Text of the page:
In the Eaters of the Dead, Crichton uses history as base. Crichton gathered the majority of his research from an ancient manuscript written by an Arabian man by the name of Ibn Fadlan, and is currently on display in a Viking museum in Oslo, Norway. The manuscript chronicles Fadlan=s travels from Bagdad to Turkey and Russia in 922 AD. Fadlan goes on a journey with a clan of Norsemen who are going to help a neighboring clan defeat an unseen evil called wendols. These Aneolithic emailprotected come by night covered by dense fog and wreak havoc on the inhabitants of the Norse villages. (Weeks 1) Fadlan survives with two of the other members of the war party. This novel is very reminiscent the epic poem Beowulf. In Crichton=s story the hero=s name is Buliwyf, which is similar to Beowulf. There are many parallels between the two works. Jack Sullivan of the New York Times Book Review calls Eaters of the Dead A a tale of sword and sorcery,@ and Aa change of pace for emailprotected Crichton uses the knowledge he gained while studying anthropology and traveling the world to depict the Vikings in an accurate manner. Crichton again uses a historical account to create a best-selling story.

One of Crichton=s most popular novels is The Great Train Robbery. This story is loosely based on a robbery that took place in Victorian England in 1855. This work has been praised for its authentic recreation of Victorian lifestyles. It gives the reader a view into the life of everyone from the poor to the rich. It also shows the life and dealings of a master criminal. Crichton writes from the point of view of the criminal, whose name was Edward Pierce, who was an upper-class wealthy man, who was very intelligent and very patient. Pierce thought of every possible problem and made adjustments accordingly. The goal of the robbery was to steal the army payroll with a value of about 12,000 pounds in gold bullion on its way to Crimea. Crichton=s work seems more authentic with the incorporation of street slang that was used in the Victorian era. Words such as emailprotected meaning job and emailprotected meaning policemen are used extensively throughout the text. Crichton did a lot of tedious research to produce such a story. Doris Grumbach in an article for The New Republic writes, A Crichton has produced a narrative that which involves the reader in the step-by-step strategies of a master emailprotected This fact alone makes for a story which is appealing to a wide range of readers. Grumbach also writes, A The Great Train Robbery combines the pleasures, guilt, and delight of a novel of gripping entertainment with healthy slices of instruction and information emailprotected Crichton does not leave out a single detail of the robbery plan. His tiring commitment to detail leaves the reader with a nagging curiosity for what is to come next. In the end the extravagant heist is achieved, but the Pierce is captured about three months later. He is found guilty of grand theft and sentenced to do time in Newgate Prison in London. Before he arrives at Newgate, Pierce escapes and the British government never recovers his stolen prize. None of Pierce=s accomplices were ever caught and the robbery was considered a success. Again Crichton uses his love of history and his knowledge of other eras to weave a story of mystery and adventure. Edward Weeks, a journalist for Atlantic Monthly, describes The Great Train Robbery as A an exciting and cleverly written piece of emailprotected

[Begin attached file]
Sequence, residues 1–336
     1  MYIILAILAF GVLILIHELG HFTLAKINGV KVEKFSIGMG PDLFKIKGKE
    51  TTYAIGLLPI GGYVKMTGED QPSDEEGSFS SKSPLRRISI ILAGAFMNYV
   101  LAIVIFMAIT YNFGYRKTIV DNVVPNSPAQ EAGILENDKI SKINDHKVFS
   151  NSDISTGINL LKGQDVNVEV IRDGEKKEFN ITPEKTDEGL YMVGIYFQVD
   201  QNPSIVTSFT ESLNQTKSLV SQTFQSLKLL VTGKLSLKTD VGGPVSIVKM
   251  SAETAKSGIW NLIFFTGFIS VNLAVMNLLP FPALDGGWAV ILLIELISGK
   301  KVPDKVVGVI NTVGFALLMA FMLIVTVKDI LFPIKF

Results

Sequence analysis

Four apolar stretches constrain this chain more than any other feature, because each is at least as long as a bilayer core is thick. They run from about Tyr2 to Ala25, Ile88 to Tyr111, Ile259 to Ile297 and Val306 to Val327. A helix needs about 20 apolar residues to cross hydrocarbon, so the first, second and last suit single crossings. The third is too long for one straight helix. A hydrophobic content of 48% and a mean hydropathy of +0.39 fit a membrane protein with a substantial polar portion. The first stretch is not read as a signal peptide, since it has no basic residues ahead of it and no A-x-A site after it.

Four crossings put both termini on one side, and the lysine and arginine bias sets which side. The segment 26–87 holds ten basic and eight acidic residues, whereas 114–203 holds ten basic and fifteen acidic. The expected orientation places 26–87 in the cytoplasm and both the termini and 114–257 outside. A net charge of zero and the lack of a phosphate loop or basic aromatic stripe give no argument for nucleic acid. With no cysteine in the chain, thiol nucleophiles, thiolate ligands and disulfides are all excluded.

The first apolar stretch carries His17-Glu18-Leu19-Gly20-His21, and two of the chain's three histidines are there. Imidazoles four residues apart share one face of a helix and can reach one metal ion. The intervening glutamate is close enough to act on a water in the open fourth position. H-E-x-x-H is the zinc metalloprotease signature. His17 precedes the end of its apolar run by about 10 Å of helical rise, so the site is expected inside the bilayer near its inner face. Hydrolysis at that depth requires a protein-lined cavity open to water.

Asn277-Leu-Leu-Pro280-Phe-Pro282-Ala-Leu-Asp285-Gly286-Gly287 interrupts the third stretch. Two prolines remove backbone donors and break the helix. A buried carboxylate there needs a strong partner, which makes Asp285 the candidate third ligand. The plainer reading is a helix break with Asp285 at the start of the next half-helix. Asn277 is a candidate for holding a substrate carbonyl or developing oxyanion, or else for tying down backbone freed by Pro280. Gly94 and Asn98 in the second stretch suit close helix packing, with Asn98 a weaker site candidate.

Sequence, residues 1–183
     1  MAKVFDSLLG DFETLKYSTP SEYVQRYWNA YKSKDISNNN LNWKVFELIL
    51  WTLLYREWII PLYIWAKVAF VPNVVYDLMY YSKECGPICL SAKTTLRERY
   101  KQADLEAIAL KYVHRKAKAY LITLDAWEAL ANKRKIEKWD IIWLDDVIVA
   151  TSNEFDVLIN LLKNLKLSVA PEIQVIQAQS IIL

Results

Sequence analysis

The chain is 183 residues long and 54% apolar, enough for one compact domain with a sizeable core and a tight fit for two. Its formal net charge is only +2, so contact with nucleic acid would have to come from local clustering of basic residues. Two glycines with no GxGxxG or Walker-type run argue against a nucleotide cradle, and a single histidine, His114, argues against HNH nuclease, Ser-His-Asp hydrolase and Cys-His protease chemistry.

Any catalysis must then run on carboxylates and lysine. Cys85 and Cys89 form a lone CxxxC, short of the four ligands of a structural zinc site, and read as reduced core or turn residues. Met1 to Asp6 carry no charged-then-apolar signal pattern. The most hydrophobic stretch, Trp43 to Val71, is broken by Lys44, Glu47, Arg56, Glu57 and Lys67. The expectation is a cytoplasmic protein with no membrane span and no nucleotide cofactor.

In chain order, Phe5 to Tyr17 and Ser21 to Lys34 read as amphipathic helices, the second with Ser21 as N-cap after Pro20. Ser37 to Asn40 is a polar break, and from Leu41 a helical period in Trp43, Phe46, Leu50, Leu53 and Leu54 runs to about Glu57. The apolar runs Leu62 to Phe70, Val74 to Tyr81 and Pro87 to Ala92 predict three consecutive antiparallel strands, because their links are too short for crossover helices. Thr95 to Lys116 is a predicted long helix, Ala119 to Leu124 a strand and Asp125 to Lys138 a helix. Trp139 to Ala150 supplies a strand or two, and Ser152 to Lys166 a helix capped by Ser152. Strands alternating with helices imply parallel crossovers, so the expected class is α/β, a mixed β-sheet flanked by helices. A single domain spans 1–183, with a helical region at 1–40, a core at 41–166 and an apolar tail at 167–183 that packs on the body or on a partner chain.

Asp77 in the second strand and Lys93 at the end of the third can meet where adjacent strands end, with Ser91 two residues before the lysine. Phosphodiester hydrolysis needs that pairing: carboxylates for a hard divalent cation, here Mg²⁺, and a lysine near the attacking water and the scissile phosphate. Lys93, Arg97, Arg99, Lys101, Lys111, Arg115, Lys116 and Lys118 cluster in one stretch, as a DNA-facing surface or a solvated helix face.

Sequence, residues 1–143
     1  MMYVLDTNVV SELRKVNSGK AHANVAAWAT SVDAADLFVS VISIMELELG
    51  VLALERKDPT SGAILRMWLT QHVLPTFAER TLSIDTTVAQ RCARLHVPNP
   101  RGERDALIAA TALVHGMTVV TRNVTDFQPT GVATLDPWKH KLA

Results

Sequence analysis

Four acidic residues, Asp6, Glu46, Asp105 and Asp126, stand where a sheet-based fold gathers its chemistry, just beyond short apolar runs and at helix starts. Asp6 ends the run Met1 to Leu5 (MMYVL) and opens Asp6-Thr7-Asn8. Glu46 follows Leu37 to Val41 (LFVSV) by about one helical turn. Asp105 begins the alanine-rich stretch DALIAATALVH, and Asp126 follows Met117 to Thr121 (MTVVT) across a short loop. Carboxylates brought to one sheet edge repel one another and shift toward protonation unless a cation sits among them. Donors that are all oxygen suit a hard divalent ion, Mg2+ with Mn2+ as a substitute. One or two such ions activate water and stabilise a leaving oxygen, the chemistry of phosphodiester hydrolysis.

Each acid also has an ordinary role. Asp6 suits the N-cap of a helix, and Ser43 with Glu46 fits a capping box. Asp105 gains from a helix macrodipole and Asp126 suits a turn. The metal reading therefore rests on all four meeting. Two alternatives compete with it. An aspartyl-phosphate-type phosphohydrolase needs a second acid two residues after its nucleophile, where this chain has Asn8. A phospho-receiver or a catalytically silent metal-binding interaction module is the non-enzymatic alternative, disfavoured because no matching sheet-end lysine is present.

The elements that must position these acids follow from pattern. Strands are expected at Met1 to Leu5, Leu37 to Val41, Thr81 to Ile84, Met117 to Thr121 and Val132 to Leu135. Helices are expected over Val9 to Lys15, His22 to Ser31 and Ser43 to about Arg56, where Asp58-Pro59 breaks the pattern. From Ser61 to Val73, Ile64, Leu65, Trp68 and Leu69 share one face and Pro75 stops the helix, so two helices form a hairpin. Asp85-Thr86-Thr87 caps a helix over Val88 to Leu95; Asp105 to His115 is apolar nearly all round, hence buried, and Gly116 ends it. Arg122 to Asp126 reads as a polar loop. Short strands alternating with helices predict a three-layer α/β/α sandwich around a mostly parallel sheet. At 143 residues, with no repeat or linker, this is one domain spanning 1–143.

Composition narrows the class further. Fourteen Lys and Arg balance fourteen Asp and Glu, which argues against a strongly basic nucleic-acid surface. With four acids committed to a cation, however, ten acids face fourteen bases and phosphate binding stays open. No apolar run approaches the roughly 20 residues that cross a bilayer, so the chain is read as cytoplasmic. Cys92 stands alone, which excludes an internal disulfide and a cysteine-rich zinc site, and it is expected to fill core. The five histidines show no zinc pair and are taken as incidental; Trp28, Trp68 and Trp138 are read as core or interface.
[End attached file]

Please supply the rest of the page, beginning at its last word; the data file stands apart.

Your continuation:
Crichton=s ability to mesh science, technology, and suspense is not limited to novels. Many of Crichton=s stories have been made into motion pictures because of their exciting content and, most of all, their success as novels. (Chapman 5) Probably the most popular film made was of Jurassic Park, which broke many of the box office sales records that stood at the time of its release. Many of Crichton=s other novels were also made in to movies such as The Great Train Robbery, The Lost World, Congo, and Andromeda Strain. Crichton has even directed some of these films. To most readers of science fiction the thought of reading historical or purely scientific topics is not pleasant. Crichton writes in a manner that creates a mood and takes his readers into the story. After the first few chapters the reader is emailprotected Just as people pay extravagant prices to watch sporting events every year, people also pay millions of dollars annually for novels that take them to places deep in their imagination. Michael Crichton=s stories have always provided plenty of stimulation for the reader=s imagination. To uphold the realism of his work, Crichton often displays scientific data and historical information in the form of graphs, charts, maps, and computer printouts. These visual aides are used throughout his novels to add to the scientific or historical tone.

In an article for Book World-The Washington Post Alex Comfort writes, A Science fiction has undergone an unwelcome change. It used to minister to our need for prophecy; now it ministers to our need for emailprotected, as is the case in Crichton=s novels. People seem to enjoy being scared. In many of Crichton=s novels, as noted previously, the subject that involves something we as human beings fear but are curious about at the same time. Deadly invaders from space, creatures that come from the mist to kill us while we sleep, and even enormous flesh-eating dinosaurs have long been the objects of our fears and those objects which run wild in our imaginations.

To totally grasp the scope of Crichton=s success, it is beneficial to see actual sales figures. Crichton=s most popular book, Jurassic Park, has sold nearly 10 million copies. In addition to this book, Crichton has written 24 other novels of which 20 made the best-seller list. (Jaynes 1) Three movies spawned from Crichton=s books did very well at the box office. Congo, Jurassic Park, and The Lost World were each popular in their respective seasons. It is quite obvious that Michael Crichton has found a niche in the science fiction world. Whenever adventurous, knowledgeable, and exciting storytelling is desired Michael Crichton delivers.